The SEC always hated the whistleblower program that Congress imposed on it as part of Dodd Frank reforms. Congress was responding to the SEC’s grotesque institutional failure in ignoring Harry Markopolos’ repeated, detailed warnings about the Bernie Madoff fraud, a Ponzi scheme that reached $65 billion due to SEC inaction.
But as we’ll describe, the SEC issued new guidance – on a Saturday night in the summer – that guts the whistleblower program by imposing new standards that look to be contrary to the intent of Congress by making it difficult to win awards for large-scale frauds, and then reducing the payouts on them. It looks like career-minded SEC officials who resented that whistleblower filings could force them to probe wrong-doings of prospective employers are making sure the agency will only hand out parking tickets.
Admittedly, Congress had set out to enfeeble the SEC, by keeping it budget-starved and having Congressmen like Joe Lieberman threaten to cut its funding even further if it went too aggressively after big financiers. The agency had retreated to focusing enforcement almost entirely on insider trading, to the degree that became almost incapable of seeing the world any other way. For instance, it botched its first major crisis case involving the collapse of two Bear Stearns hedge funds, by bizarrely pursuing the execs managing the funds as insider traders, rather than understanding that they were victims of other Wall Street firms (and perhaps even Bear’s own trading desks) that were selling toxic subprime mortgage securities and CDOs. ‘
Nevertheless, the new whistleblower program established an awards fund entirely outside the SEC’s budget, and also tasked the SEC to set up a “Whistleblower Office.” The agency was obligated to pay sources compensation set as a portion of the SEC’s recovery if they contributed information that was valuable to an enforcement action.
The program went live in 2012, and under Chairman Mary Jo White, the SEC feigned enthusiasm for the new initiative, dutifully reporting how many tips it had received and asking for more funding to do a better job, even as high level SEC insiders grumbled about how the whistleblower program trampled on the agency’s discretion.
Last Saturday, in the dead of night, the SEC moved to make explicit, with the release of draft rule revisions, what close observers long suspected, that despite the agency’s weak support for whistleblowers, they have proven nevertheless too successful.
The proposed new rules have two main thrusts. First, they would change the formula for computing whistleblower awards so that large awards would receive fewer dollars. Second, new barriers to receiving awards would be placed in front of whistleblowers who include any public information in their evidence of wrong-doing. The reason that matters, as we’ll explain in detail, is that whistleblowers who provide evidence of widespread or systemic frauds will almost certainly be relying significantly on public information. Perversely, that could even been deemed to include information the whistleblower got into the public domain via FOIA>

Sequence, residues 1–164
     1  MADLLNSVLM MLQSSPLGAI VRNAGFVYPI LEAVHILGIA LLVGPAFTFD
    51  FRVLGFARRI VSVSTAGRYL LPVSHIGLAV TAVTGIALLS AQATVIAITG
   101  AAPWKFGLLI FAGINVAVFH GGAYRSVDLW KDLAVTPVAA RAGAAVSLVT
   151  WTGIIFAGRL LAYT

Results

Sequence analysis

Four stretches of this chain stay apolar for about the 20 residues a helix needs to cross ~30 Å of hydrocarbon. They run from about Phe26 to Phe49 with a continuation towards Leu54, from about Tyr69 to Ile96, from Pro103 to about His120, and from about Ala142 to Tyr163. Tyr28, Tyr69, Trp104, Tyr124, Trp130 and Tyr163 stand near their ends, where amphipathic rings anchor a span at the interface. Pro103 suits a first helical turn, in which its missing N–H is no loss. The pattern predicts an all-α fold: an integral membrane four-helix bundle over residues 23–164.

In recent years, whistleblowers have complained to us that the SEC has simply failed to respond to award applications. Mind you, we are not talking about the SEC ignoring tips about potential wrong-doing. Most of the SEC filings are along the lines of “Everything JP Morgan does is crooked,” as opposed to actionable information.
Instead, what the SEC frequently doesn’t respond to are the formal “award applications” that whistleblowers submitted after the SEC made an enforcement action where the whistleblower believes his filing made a contribution. The SEC requires that whistleblowers submit these requests in order to be considered for an award within 60 days of the SEC announcing a settlement.
The SEC has been remarkably and indefensibly, opaque about what is clearly a massive backlog of unresolved award claims. The agency produces a ludicrous annual report to Congress of its whistleblower program, full of useless statistics, such as the number of tips received by state, yet it has refused to disclose the number of outstanding award applications or their average age. Only once, in 2015, has it even reported on how many award claims it received in the previous year, which was 120. Contrast this figure with the fact the agency has been resolving about 40 claims a year in recent years. That means the SEC’s backlog of unresolved claims has been growing by approximately two years with each passing year. Its total backlog could realistically be more than five years at this point. That wait to receive an answer on an award is typically on top of the three to four years wait for an enforcement action to be prosecuted and resolved.